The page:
I just got back this afternoon from an interview on NPR, at their main office in DC. It was a taped interview for the show, "On the Media" and should sometime soon .
UPDATE: the interview will air this weekend, but you can already hear the interview if you click on the link on their web site here).
Altogether, I think the interview went well-- during the interview, however, some of the statements I made in my earliest posts were referenced, seemingly with an eye to highlighting political controversy-- I have since edited those posts, and moved them to another blog, to hopefully eliminate any such controversy, as my goal in this weblog is not to be a political blogger, but to do what I stated in my first post:
"I will endeavor to show a realistic view of the war through the eyes of one on the ground, while also being truthful to the long, rich history of combat art and the art of picture-making itself."
In another part of the interview, some questions were raised as to the artistic guidelines for my work-- what I choose or don't choose to paint about, and why or why not I might paint about certain things. (For example, why I didn't paint a picture of the dead insurgent I saw on one patrol, and why I don't tend to show any negative images, etc...)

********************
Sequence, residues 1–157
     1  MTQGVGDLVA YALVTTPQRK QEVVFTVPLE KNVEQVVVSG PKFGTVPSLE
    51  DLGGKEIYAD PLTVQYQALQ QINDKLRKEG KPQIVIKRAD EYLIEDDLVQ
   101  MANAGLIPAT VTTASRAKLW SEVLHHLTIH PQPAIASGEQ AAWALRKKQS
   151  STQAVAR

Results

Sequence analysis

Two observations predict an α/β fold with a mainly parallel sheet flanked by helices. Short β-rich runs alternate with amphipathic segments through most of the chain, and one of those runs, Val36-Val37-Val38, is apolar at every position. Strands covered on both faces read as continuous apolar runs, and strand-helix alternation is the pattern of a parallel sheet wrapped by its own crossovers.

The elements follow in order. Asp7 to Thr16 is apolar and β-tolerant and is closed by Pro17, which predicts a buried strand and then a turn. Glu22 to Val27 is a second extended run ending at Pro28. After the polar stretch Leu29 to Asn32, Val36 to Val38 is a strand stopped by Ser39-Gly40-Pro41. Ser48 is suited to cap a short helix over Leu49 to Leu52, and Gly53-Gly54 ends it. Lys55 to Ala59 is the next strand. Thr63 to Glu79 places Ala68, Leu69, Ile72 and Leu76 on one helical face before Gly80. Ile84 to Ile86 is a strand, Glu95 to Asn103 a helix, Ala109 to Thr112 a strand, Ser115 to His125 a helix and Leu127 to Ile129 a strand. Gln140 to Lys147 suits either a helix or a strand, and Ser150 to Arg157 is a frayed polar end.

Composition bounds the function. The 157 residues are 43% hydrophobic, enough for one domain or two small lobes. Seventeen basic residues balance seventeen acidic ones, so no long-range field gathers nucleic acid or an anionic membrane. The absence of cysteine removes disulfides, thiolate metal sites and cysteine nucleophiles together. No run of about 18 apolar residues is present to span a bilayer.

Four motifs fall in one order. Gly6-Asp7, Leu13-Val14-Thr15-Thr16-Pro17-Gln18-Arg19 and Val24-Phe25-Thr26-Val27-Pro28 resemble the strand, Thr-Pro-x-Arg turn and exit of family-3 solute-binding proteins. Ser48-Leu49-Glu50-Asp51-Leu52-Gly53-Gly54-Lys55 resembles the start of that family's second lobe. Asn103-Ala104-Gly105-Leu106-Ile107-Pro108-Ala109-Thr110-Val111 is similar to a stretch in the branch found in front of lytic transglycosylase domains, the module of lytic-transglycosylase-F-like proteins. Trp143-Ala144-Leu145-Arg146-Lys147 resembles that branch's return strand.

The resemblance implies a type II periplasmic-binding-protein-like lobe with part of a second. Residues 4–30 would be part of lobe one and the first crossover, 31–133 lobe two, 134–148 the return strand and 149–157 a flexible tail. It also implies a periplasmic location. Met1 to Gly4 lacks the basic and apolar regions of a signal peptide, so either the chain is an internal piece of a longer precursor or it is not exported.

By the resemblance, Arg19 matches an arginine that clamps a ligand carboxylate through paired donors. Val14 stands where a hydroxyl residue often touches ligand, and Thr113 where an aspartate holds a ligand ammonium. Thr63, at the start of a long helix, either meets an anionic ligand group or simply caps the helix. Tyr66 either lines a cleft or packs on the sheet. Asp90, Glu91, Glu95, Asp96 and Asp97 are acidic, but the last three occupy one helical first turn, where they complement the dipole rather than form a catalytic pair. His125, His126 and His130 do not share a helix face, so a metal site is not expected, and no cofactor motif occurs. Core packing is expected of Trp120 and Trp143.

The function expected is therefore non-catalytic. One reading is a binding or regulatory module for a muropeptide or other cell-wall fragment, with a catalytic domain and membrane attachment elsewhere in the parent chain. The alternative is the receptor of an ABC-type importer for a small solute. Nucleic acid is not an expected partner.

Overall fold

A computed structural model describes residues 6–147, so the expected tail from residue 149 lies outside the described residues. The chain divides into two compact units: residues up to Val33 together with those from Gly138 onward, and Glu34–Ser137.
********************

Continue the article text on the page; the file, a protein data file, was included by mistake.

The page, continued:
I explained in the interview that I believed all artists had a responsibility to be professional and responsible in what they produce, as well as to be faithful in accurately portraying Reality with their work.
Combat artists are not in the business of propaganda, nor do they have any political axe to grind. Rather, they are given the task of going to war and portraying that reality through traditional artistic media.
I think perhaps a lot of people are unaccustomed to what combat art is, and have certain presuppositions about Marine Corps Art and Marines in general. It also seems that some people believe that combat art isn't about truth or accuracy. The body of work in the Marine Combat Art Collection certainly gives no evidence for that assertion. (See other examples here).
And I hope that my answers in the interview, as well as my continuing body of work, will disabuse people of any false presuppositions they may have about combat art.